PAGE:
While we still have a long ways to go, I am encouraged by what’s happening in human resources. Over the past few years, we’ve found the courage to admit that some of our old-school HR practices are B.S. From the uselessness of the break-room suggestion box to the ineffectiveness of annual reviews, when we admit that the old way is flawed, we’re a whole lot closer to an actual solution.
With that in mind, I’d like to nominate another item for the B.S. list: anonymity. HR insists that employee surveys and other feedback tools need to be anonymous, but when we take a closer look, anonymity doesn’t have a great track record. (Check out the anonymous comments for any controversial online news article or how anonymity worked out for Ashely Madison.)
Anonymous feedback didn’t help me either. Early in my career, I was subjected to an anonymous 360 assessment to aid in my development. I was looking forward to the feedback. And, since my team had been producing great results, I expected much of the feedback to be positive.
Boy, was I wrong. I still affectionately refer to the feedback I received as my “you SUCK list.”
Like most managers, I didn’t react well to the feedback. I was angry. I was hurt. I was confused. And defensive. Not a great combination of emotions to take feedback and do something positive with it.
Eventually, I gained some non-anonymous context about the feedback I received. Turns out, the feedback wasn’t evaluating me in my current role, but was instead explaining what I would need to do to be ready for my next role as a top executive. While the feedback was still pretty intense, this context was critical to helping me use the feedback in a positive way.
When it comes to feedback, anonymity is less effective, and frankly, out of style in today’s workplace. We expect our leaders to be candid and transparent, particularly about the important stuff. We expect them to tell us the whole story and to openly share their failures and missteps. Yet, when it comes to asking employees for feedback about something as important as their work experience, we use completely different standards. Why? We’ve convinced ourselves that employees just aren’t up to the task.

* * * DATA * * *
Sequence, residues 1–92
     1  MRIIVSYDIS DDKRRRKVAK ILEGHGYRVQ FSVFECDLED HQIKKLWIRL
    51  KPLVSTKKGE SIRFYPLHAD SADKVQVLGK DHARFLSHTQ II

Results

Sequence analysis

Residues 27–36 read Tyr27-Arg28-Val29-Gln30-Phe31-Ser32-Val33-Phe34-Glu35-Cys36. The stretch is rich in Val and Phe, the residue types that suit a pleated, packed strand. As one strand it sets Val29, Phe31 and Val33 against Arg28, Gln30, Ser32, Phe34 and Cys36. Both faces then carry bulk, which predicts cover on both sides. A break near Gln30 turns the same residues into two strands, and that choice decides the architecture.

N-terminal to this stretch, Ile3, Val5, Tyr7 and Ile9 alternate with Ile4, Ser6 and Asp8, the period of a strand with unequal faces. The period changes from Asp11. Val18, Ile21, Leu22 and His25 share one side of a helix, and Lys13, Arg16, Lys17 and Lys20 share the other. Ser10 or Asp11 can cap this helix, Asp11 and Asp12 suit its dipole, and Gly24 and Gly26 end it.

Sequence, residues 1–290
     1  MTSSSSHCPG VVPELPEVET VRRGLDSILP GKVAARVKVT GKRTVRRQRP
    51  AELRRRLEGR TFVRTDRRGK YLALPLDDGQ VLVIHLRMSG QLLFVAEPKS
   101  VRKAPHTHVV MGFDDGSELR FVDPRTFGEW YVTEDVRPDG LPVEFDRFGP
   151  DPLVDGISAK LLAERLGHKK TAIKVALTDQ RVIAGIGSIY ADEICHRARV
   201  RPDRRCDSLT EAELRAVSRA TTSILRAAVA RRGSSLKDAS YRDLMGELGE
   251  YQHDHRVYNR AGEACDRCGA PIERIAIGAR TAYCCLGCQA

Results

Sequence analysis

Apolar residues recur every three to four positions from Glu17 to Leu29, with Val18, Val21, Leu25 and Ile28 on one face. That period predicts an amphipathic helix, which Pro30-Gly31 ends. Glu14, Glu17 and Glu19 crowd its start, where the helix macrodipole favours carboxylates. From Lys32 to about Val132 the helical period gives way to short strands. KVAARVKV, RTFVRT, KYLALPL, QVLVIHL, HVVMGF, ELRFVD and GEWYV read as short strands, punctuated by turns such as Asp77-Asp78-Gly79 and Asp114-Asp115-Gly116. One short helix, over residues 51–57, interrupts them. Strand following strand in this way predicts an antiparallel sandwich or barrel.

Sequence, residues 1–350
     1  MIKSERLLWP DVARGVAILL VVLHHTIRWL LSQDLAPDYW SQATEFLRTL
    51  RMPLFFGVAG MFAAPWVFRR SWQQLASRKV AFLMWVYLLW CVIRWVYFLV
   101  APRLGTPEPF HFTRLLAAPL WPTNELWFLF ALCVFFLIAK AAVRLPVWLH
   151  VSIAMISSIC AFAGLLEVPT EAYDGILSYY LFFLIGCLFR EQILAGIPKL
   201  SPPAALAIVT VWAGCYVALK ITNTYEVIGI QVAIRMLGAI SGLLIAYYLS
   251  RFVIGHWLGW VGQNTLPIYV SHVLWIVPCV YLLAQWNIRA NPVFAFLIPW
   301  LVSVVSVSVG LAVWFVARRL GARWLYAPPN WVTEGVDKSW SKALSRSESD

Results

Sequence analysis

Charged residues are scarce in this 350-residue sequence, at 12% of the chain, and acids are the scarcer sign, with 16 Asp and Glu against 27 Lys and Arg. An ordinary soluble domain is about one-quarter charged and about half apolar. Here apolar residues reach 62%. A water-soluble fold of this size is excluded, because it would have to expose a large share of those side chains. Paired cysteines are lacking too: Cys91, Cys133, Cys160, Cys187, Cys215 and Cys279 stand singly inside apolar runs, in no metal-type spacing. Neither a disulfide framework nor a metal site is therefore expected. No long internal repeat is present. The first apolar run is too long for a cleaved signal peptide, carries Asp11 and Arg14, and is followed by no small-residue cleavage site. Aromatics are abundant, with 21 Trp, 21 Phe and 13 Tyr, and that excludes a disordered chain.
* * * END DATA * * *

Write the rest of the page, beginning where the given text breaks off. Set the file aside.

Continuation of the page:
I’d like to challenge you to consider how removing anonymity from our employee feedback efforts might improve their effectiveness. Here are four benefits I’ve identified:
- Greater Accountability
Employees have to stand behind their feedback. No more random angry accusations with no examples to support them.
And if employees don’t feel comfortable giving honest feedback? Enter accountability for your managers. If employees prefer anonymity because they’re afraid of backlash, you’ve got a leadership problem (not a survey problem).
Anonymity encourages indecency. Arthur Santana’s research at the University of Houston seems to support this theory. Santana analyzed hundreds of randomly chosen comments from online newspapers and compared the comments of those that allowed anonymous comments with those that don’t. A full 53 percent of the anonymous comments analyzed were uncivil. This led Santana to conclude that anonymity online encouraged incivility. The moral of the story, when our name is connected to our words, we behave better.
Take away anonymity, and even your most disgruntled employees would probably put down the flamethrower and provide more constructive feedback.
- Higher-Impact Action
The goal of most employee surveys is to inform meaningful action. We are asking individual employees for feedback about their individual work experiences. But, because of anonymity, we can only evaluate the results at a group level.
As a leader or HR professional, when an employee fills out a survey and is disengaged, I want to take action to address that now, with that employee. That’s where the most powerful steps can be taken. In a world without anonymity, we could do that.
- Increased Quality
And finally, let’s address the elephant in the room. HR’s belief is that if a survey process isn’t anonymous, employees won’t be totally honest and the quality of data will suffer.
Research studies suggest that this may not be the case. A study comparing anonymous versus non-anonymous feedback by university students of their courses and instructors found that there was no meaningful difference in the quality of feedback between the two groups. None. Furthermore, the non-anonymous survey respondents were more likely to provide more detail in their comments. So the feedback quality actually improved when anonymity was removed.
It’s new. It’s different. It’s controversial. But if you want to increase the accountability, decency, impact, and quality of your employee feedback, you may want to abandon anonymity.